On my game console I press top 20 new games. I realize I’ve just bought them all. I flip through them. I don’t even like video games and none of these interest me. Can I cancel the purchase?
Shipping boxes come out of the console. Oh. Goodie. Part of the purchase is a physical game cartridge in full packaging. I look at the cartridges. They have handwritten passwords marked on them. Ugh. The market is probably flooded with these. I’d be really surprised I could sell them for $20 on Craigslist. I better be able to return these to Microsoft. What a waste.
Remove the label
I’ve plied so much fuss and fret into,
appealing to the masses.
Unwrap the darkest bittersweet
encased in shiny packaging.
All it wants is to be
gently warmed and melted in milk.
When the trees’ silhouettes stand
against the night sky
with just the stars peering back
it is a long, lone wait.
When wind blows
and rushes through every leaf,
who knows whence it comes
and whither it goes?
There is a higher power, I suppose.
I’m in a trivia show. I ask for the $4,000 — no, $4,000,000 question. The question is “Name the county in Maryland where mushrooms are distributed.”
I call the mushroom packaging facility and talk with the lady in charge of mushroom packaging. I ask which county she’s in. She’s an Asian immigrant; she doesn’t completely understand my question. She gives me a name.
I give the name as an answer. It’s wrong. She had told me the city rather than the county. I think “I could have just given a random Maryland county and I would have had a better chance.”
I wake up. It’s morning at the farm near the facility I had called. The first thing I lay my eyes on is the end of a field of giant mushrooms being cultivated. I walk around. It’s a hippie festival, like Woodstock, only no music and less people. There’s a magician-like guy at a table selling occult books. Some young women are interested and have a discussion with him. They join in friendship.
I walk the dogs; we go down a village road. I go into a house; it has a hut vibe despite it being modern quality. The owner of he house is a straggly white South African. He is a tattoo artist. He has a child, a girl; she isn’t present. I sit at his desk. He comes into the room and asks if I’d like a tattoo. I decline. He says he does Muslim tattoos. He talks about the religion as if it’s just a dogma. I forget the adjective he keeps repeating… something like “orthodoxy” but it ends with “archy”. I silently think to myself that I believe in all religions… or, to say another way, there is truth in all religions even in a spirit and deity sense… or, all religions point to the same true spirit. I don’t say anything and he keeps mentioning its dogma nature to my private chagrin.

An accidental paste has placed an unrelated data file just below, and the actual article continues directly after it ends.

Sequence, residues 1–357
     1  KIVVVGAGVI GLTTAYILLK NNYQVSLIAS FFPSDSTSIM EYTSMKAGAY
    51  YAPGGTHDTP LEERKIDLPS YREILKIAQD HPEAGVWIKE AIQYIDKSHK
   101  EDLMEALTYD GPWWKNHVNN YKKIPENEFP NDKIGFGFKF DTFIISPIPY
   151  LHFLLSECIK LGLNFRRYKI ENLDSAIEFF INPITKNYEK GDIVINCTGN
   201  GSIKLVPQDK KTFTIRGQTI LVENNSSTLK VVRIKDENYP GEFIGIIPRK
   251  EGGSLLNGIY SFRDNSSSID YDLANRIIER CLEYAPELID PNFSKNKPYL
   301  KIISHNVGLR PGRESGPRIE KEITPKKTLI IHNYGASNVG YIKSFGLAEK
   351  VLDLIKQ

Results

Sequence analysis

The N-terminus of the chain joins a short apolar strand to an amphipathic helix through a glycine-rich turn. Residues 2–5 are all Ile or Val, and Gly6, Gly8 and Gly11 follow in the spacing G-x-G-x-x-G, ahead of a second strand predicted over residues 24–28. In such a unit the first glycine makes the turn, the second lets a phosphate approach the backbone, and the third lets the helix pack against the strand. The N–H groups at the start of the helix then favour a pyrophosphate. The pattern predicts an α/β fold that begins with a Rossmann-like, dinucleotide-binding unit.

I’m in attendance at some presentation. It finishes. A person from one line of chairs passes by me. I know them as an acquaintance. I warmly smile at them. I give such a feeling of friendliness, the person and their family shake my hand. With the precedent set, the families behind them shake my hand and say hello. The woman behind me pokes me to get going. Then an emotionally strong, willed man gets his family that I was blocking to move on past me. I give up the shaking hands and move on.
I’m in Japan. In the office, I’m surprised to find I’m being asked to share my ideas on a combustion engine with plugins as a source of energy.
In the middle of the office, a spa is laid out. I feel its proper to take off my pants. I do this, looking for an OK from my oriental hosts and superiors. They indicate it’s OK and proper.
“Is it environmentally friendly?” a business executive in his thirties asks. “No,” I say. He gives a look like that was the most important benefit they were looking for and the merit of my idea would have been secured in that.
I begin to explain. It’s a complicated idea. Talking about it with other people for the first time has me realizing how rough around the edges it is; I get warmed up by the talking about it.
“It’s a plugin energy source system; so, of course it’s environmental… you simply select environmentally responsible energy sources.” At this, they look relieved and no longer want to reject my idea out of hand. There is a typical oriental respect and seriousness that changes the whole atmosphere of the conversation… the engagement.
We drive around the outskirts of the city. It looks like any European city. I look out the window and see a roundabout, a girl on a bike, perhaps a bridge nearby… typical suburban fair. The grass is a lime green. It’s like looking at a children’s book. “Do you like Japan?” I’m surprised at the question because everything looks like a typical city. How do I explain this to them. I say “I like Japanese culture; I incorporate it into my lifestyle as it suits me; however, this city, on the outside, looks like any other.”
I’m in some kind of quaint hipster company that sells posh candy. The employees are self-blessed with a great sense of a friendly work atmosphere. Everyone has there own thing; still, everyone works off one another. There is a woman there introducing new products. There is a cup I want to drink and almost spill and shouldn’t drink; I’m tempted by this and all the while I’m helping myself to a lot of really good and well-crafted chocolate. There are children among the coworkers.
I go for a walk outside. I walk or skip down the path. Coming up the path is a young blond boy. He has two unleashed dogs under his care dashing before him. I pet them as they quickly pass me by. There is a feeling of safety, of things being alright; there is a hint of anticipation. He exuberantly shouts “hallelujah” and another overwhelmingly innocent and religious phrase.